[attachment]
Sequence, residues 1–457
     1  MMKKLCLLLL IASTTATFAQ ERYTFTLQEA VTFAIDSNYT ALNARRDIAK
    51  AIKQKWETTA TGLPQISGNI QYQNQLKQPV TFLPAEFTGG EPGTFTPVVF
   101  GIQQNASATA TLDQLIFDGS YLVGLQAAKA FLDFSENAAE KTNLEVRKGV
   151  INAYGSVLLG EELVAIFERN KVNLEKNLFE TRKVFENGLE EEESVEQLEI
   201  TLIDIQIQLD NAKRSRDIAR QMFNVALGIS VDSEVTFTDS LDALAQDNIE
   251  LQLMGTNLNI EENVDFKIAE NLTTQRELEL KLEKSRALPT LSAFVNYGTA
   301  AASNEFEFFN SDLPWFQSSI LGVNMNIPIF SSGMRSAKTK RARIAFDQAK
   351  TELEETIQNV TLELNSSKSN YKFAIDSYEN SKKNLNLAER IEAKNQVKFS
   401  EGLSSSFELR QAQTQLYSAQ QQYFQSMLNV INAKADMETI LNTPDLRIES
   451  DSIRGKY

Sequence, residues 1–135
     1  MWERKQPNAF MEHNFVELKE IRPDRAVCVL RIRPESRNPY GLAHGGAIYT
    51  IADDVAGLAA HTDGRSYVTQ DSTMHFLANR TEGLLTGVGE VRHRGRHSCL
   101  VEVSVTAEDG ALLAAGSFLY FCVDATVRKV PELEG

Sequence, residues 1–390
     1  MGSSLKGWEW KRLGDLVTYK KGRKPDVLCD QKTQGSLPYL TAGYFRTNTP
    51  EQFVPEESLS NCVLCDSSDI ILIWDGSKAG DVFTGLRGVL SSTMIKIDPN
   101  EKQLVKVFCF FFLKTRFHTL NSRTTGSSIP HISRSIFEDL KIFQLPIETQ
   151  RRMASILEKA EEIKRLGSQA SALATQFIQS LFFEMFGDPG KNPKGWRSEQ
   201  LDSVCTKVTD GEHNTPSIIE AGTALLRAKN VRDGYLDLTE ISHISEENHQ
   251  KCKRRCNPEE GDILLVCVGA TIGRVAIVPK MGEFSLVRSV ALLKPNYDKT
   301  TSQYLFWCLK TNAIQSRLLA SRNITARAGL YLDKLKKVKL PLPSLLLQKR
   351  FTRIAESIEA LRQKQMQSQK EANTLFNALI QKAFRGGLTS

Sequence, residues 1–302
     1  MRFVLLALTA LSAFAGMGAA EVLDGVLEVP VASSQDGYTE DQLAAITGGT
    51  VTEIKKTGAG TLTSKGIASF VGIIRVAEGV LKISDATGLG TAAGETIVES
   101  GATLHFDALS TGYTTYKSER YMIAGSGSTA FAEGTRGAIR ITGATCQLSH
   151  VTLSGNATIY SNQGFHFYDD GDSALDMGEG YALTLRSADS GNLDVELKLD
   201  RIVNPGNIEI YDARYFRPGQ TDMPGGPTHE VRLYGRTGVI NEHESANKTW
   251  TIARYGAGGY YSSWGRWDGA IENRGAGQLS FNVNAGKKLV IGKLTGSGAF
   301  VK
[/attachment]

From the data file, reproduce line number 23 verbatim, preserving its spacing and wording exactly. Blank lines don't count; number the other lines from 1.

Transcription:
   301  TSQYLFWCLK TNAIQSRLLA SRNITARAGL YLDKLKKVKL PLPSLLLQKR